Your job could make you sick
Low-wage earners, especially women and young people, are at the highest risk of developing hypertension, according to a recent study from UC Davis.
“We were surprised that low wages were such a strong risk factor for two populations not typically associated with hypertension, which is more often linked with being older and male,” says J. Paul Leigh, senior author of the study and professor of public health sciences at UC Davis. “Our outcome shows women and younger employees working at the lowest pay scales should be screened regularly for hypertension as well.”
Hypertension, or high blood pressure, occurs when the force of circulating blood against artery walls is too high. The disease affects approximately 1 in 3 American adults and costs more than $90 billion each year in health-care services, medications and missed work days. It also is a major contributor to heart disease and stroke, both of which are leading causes of death and disability. More than 40 percent of African Americans have high blood pressure, according to the American Heart Association. We are also more likely to develop a more severe form of the disease and get it at an earlier age than our white counterparts. The medical community believes high rates of diabetes and obesity put African Americans at greater risk for hypertension. Researchers have also found that there may be a gene that makes African Americans much more salt sensitive. In people who have this gene, as little as one extra gram (half a teaspoon) of salt could raise blood pressure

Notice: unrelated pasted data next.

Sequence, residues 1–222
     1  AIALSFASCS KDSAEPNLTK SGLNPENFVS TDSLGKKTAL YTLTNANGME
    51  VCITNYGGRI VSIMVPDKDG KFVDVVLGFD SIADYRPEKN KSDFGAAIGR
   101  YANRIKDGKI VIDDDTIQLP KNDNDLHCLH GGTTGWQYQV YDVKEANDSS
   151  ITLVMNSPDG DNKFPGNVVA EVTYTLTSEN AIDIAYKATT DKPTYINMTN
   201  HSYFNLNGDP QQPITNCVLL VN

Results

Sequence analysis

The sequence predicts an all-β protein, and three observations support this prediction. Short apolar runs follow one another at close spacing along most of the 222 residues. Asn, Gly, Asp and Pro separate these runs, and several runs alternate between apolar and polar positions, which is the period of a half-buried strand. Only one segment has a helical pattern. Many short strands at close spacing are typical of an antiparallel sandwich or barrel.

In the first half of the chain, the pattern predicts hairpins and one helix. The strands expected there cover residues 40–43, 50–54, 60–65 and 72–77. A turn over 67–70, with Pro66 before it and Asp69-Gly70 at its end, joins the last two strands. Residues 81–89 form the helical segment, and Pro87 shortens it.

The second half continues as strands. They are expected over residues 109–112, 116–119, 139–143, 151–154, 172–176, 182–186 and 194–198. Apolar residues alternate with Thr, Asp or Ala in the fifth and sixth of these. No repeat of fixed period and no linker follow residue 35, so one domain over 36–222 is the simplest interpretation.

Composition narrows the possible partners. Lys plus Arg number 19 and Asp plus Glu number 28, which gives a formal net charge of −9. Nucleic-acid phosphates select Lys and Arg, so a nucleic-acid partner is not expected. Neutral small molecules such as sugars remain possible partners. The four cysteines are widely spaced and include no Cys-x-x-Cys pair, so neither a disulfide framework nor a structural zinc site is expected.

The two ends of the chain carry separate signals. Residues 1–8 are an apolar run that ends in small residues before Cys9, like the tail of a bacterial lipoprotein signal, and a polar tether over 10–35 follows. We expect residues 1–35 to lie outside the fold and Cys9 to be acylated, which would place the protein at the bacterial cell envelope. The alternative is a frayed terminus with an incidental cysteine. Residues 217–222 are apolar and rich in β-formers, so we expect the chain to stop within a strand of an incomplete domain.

The UC Davis study looked at the work and health records from more than 5,000 households, focusing on working adults between the ages of 25 and 65 with an income of $2.78 to $77 an hour. It is the first study of its kind to take a worker’s income into account, finding that young workers and women between the ages of 25 and 44 were at the highest risk of developing hypertension.
You may not be able to change your income status, but you can try these tips to keep your blood pressure in check.
Give salt a break. Avoid processed foods and make sure you consume less than 1,500 milligrams of sodium a day. Check nutritional labels to keep track of your sodium levels.
Stop smoking. The nicotine in cigarettes makes you two to six more times likely to suffer a heart attack, according the National Heart, Lung and Blood Institute (NHLBI). Smoking throughout the day also means a continually high blood pressure, damaged blood vessel walls and expedited hardening of arteries, which could eventually lead to heart disease.
Hit the gym. Being overweight increases your risk for hypertension and makes you more likely to develop heart disease. As your weight increases, so does your blood pressure—even losing 10 pounds can significantly lower hypertension. Try to engage in 30 minutes of moderate (gardening, swimming, walking) physical activity a day.
Drink alcohol in moderation. Small amounts of alcohol can actually lower your blood pressure by a couple of points, while more than one drink a day can do more harm than good, according to the Mayo Clinic.
Monitor your blood pressure. “Women may not be aware that they are at risk for hypertension,” Leigh says. While having your blood pressure checked is a routine part of a medical exam, the experts recommend a regular blood pressure check, instead of waiting until there’s a problem.